How friendly is Nevada to breastfeeding mothers? The CDC recently released its report card on breastfeeding. The First Lady is also promoting breastfeeding with her initiative to get kids to eat healthier. Like most states, Nevada has a high initiation rate (82%), but it quickly drops by Month 6 (12%). So why does Nevada have low breastfeeding rates? How welcome is the workplace to a breast-pumping mother? What help is available to low-income mothers? If you have a baby, what concerns you? What do (or don't) you know about breastfeeding? We want to hear from you.
Jollina Simpson, leader, La Leche League Madeleine Sigman-Grant, Maternal Child Health and Nutrition Area Extension Specialist, University of Nevada Cooperative Extension (UN-Reno) Rebecca Vega, teacher and breastfeeding mom
This was good and Madeline, Jollina, and Rebecca gave really good information on breastfeeding and thanks to KNPR radio for allowing them to give this information out... we really need to increase the Breastfeeding rates in Nevada!Maria Ambriz –Oct 4, 2010 10:28:05 AM
Breastfeeding is such a touchy subject with women. People seems to get so defensive about giving up, but I don't blame women, I blame our dearth of educated, supportive health care providers and doctors....and formula companies who use illegal marketing tactics and the doctors who put money over what is truly best for baby. The biggest excuses I hear from other mothers is: "well, we tried it but I didn't have enough milk, and besides I was formula fed and I'm fine." People seem to rely on anecdotal stories and examples of their friends and family who are "fine" and were formula fed. I don't think that people think of long term consequences to overall health...like cancer, obesity, diabetes, crohns disease and intestinal problems later in life. And with doctors collecting money from Similac and Enfamil, and the total lack of support what do most mothers end up doing? Formula feeding. Sad. So glad I've had supportive family and successfully breastfed my 2 babies, both premature and spent extensive time in the NICU. I credit their good health to mommy's best. :)Nichole Williams –Sep 25, 2010 11:07:40 AM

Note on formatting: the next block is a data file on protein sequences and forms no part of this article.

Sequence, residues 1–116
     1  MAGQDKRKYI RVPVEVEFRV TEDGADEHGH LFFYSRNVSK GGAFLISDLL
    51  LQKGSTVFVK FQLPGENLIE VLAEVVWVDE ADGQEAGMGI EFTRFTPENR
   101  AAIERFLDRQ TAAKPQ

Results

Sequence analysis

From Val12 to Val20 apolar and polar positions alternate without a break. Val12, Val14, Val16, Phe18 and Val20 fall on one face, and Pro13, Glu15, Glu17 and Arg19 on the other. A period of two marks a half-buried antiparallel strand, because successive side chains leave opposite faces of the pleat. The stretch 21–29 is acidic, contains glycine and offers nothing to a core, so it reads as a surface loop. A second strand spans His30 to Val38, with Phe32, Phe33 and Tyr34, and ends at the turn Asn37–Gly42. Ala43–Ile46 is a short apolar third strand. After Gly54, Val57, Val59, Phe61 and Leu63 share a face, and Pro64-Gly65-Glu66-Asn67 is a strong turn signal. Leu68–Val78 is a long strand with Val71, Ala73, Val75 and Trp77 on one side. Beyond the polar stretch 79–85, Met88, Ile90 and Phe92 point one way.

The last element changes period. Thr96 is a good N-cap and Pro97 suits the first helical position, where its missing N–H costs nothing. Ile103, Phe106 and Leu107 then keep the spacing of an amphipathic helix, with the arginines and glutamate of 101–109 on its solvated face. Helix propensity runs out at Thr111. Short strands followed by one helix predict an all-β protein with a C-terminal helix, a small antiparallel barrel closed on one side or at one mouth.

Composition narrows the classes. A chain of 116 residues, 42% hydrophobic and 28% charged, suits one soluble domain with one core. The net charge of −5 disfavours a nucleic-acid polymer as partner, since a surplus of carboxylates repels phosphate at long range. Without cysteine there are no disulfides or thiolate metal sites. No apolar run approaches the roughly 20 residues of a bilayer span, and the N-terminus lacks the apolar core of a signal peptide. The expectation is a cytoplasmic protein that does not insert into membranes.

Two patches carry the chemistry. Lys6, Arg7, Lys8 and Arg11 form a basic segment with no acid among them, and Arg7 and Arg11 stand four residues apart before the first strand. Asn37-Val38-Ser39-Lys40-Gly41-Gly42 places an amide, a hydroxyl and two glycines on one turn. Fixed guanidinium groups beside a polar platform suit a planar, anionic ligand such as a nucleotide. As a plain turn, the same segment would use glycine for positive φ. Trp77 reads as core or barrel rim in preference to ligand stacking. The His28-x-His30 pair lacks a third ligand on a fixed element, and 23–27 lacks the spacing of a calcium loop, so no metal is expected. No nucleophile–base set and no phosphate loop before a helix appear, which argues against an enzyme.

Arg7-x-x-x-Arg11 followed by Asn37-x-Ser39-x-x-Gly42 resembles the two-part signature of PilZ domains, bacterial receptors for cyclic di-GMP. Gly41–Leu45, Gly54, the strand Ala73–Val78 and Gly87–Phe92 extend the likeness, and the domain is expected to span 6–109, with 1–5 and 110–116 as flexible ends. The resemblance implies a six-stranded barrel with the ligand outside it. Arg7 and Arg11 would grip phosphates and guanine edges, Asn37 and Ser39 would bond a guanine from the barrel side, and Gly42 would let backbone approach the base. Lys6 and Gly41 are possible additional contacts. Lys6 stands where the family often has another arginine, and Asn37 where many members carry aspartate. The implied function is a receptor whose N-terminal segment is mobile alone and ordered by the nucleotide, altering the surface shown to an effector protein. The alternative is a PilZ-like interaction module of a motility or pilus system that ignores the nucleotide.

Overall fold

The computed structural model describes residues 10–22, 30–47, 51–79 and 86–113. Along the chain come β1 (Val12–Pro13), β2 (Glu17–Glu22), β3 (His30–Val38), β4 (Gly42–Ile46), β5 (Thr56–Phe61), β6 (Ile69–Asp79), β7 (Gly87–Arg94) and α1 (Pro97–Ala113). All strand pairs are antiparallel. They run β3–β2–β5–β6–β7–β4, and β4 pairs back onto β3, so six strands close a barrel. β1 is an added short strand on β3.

Happy to say my guy has been breastfeeding for 26 months and going strong!lisa –Sep 24, 2010 16:55:24 PM
This was a great segment KNPR. Thanks for exploring this issue more in Nevada. The panelists were very informative and helpful. Thanks for the this!Key –Sep 24, 2010 15:24:24 PM
Research shows- It is not the breastfeeding that changes the woman's body it is the being pregnant portion of the birth process that changes the breasts. Lisa –Sep 24, 2010 15:14:35 PM
My baby was in the NICU for 52 days so I was an exclusive pumper. I was able to provide 100% breast milk for 12 weeks, but had to transition to formula because pumping alone was not keeping up my milk production. I was told about the Greenspun women's center, but it was as accessible as one would hope. I think in general the Las Vegas valley is not a community oriented region and for that reason it is hard to become part of supportive groups of friends or like-minded mothers to learn the ins and outs of breastfeeding. One of the guests mentioned that she lived in Boston and received a tremendous amount of support and had numerous resources to turn to. Here in LV there just aren't enough resources spread across the valley to serve all those in need. For a large metropolitan area, Las Vegas does not have many choices for all sorts services that residents may be used to from other parts of the country. It really is a shame. Bethany –Sep 24, 2010 10:23:44 AM